Unvaccinated Kids Are Now Banned From Schools In Italy

Henrietta Strickland
March 12, 2019

Children under six can be barred from attending nursery schools and kindergartens if their parents fail to present written evidence that they have had the required vaccinations.

Under the new law, children must now receive a range of mandatory vaccinations before attending school. Without the shots, they must stay home. Parents were given a deadline to provide proof of vaccination for five different conditions: chickenpox, polio, measles, mumps and rubella.

Those aged between six and 16 can not be banned from attending school, but their parents face fines if they do not complete the mandatory course of immunisations.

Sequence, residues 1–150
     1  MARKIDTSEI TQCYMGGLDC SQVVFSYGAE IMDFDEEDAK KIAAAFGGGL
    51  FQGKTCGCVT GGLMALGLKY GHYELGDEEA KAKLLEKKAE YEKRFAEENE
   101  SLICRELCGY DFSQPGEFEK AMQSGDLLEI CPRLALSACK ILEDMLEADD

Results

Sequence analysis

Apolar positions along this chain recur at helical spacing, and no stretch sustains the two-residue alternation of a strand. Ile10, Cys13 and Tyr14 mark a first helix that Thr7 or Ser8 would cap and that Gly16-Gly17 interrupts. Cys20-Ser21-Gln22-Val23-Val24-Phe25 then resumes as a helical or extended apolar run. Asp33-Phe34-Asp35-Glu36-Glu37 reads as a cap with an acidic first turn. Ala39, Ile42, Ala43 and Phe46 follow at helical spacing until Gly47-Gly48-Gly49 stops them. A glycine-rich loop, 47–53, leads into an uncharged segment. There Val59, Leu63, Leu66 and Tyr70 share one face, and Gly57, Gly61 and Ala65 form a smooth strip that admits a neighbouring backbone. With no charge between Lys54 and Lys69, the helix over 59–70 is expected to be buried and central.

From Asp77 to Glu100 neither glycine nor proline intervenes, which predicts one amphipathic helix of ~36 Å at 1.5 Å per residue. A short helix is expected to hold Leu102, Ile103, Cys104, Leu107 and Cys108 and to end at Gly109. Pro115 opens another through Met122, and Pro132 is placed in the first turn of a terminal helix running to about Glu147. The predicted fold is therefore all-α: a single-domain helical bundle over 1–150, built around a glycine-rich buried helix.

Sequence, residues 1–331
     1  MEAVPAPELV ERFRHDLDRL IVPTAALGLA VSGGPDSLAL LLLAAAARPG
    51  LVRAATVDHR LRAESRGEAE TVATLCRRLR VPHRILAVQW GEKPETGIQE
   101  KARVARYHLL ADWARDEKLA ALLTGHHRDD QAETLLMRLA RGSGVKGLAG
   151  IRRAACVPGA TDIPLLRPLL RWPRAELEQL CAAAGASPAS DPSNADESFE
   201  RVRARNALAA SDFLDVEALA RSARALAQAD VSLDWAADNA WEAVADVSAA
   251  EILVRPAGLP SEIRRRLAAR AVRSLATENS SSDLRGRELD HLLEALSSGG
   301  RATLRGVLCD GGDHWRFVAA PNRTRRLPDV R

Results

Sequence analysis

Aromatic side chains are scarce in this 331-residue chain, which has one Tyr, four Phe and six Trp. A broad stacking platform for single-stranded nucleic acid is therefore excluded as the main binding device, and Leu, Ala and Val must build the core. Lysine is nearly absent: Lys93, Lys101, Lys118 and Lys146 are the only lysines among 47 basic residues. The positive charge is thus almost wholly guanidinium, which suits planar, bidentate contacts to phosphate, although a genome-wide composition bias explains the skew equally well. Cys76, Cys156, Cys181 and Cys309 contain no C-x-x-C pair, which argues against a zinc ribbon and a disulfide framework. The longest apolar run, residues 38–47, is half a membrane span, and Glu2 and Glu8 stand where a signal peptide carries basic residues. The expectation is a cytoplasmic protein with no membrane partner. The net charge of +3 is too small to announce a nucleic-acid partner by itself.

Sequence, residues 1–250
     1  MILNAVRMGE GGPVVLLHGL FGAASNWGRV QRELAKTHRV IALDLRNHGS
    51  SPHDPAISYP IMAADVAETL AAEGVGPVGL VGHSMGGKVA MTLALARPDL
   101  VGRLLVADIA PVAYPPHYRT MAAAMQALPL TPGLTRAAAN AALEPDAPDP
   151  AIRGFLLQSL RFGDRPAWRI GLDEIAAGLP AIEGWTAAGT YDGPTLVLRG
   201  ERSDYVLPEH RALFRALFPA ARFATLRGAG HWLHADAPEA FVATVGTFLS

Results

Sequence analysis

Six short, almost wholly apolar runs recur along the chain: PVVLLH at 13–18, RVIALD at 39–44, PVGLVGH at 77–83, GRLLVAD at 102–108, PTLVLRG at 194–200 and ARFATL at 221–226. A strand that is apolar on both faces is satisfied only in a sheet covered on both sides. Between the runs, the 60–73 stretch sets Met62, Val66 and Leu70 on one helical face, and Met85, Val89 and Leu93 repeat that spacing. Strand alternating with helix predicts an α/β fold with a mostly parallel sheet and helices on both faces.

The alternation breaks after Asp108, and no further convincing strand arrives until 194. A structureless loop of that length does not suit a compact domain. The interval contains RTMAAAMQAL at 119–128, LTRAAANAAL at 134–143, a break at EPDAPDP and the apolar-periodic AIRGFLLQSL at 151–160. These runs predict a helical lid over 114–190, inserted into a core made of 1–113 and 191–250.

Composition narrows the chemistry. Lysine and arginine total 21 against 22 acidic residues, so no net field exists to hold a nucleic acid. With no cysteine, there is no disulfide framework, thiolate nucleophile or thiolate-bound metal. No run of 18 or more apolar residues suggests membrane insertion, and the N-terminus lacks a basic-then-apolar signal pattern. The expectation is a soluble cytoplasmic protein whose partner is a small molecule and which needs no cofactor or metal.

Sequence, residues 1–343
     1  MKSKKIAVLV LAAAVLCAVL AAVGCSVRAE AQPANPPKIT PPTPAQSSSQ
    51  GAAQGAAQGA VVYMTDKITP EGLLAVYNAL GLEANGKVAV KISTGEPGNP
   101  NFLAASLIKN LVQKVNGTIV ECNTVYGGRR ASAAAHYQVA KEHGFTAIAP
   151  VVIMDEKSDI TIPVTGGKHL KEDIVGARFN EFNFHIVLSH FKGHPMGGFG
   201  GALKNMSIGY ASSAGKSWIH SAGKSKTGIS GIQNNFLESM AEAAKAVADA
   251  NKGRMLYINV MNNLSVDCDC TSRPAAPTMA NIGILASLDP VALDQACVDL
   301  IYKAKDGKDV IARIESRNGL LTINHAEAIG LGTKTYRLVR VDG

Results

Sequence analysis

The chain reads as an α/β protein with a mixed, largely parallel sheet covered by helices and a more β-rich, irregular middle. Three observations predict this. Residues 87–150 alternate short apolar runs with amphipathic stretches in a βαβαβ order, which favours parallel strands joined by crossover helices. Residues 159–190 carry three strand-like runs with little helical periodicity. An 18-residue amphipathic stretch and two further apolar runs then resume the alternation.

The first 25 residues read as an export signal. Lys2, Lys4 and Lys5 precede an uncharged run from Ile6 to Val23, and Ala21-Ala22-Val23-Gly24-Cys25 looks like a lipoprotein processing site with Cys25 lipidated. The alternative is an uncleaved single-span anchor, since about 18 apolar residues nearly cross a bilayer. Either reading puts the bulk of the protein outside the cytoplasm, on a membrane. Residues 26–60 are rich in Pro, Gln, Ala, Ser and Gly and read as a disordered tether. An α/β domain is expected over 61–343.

The city of Bologna reportedly has at least 300 children who now do not comply with the vaccination requirements and are at risk of suspension from school. It threatened to overturn the mandatory vaccination law passed by the previous government but ended up scrapping its plans in the face of criticism as the country experienced a measles outbreak last summer. When in 2017 former Italian health minister Beatrice Lorenzin introduced a policy to obligate children to undergo 10 compulsory vaccinations, a survey found between a quarter and half of the population opposed the new scheme.

Following months of fiery debate - and measles outbreaks - a new law banning unvaccinated children from Italy's classrooms has come into effect.

In British Columbia, which is now experiencing a small measles outbreak, parents started a petition calling for mandatory vaccinations to attend school.

Other reports by Click Lancashire

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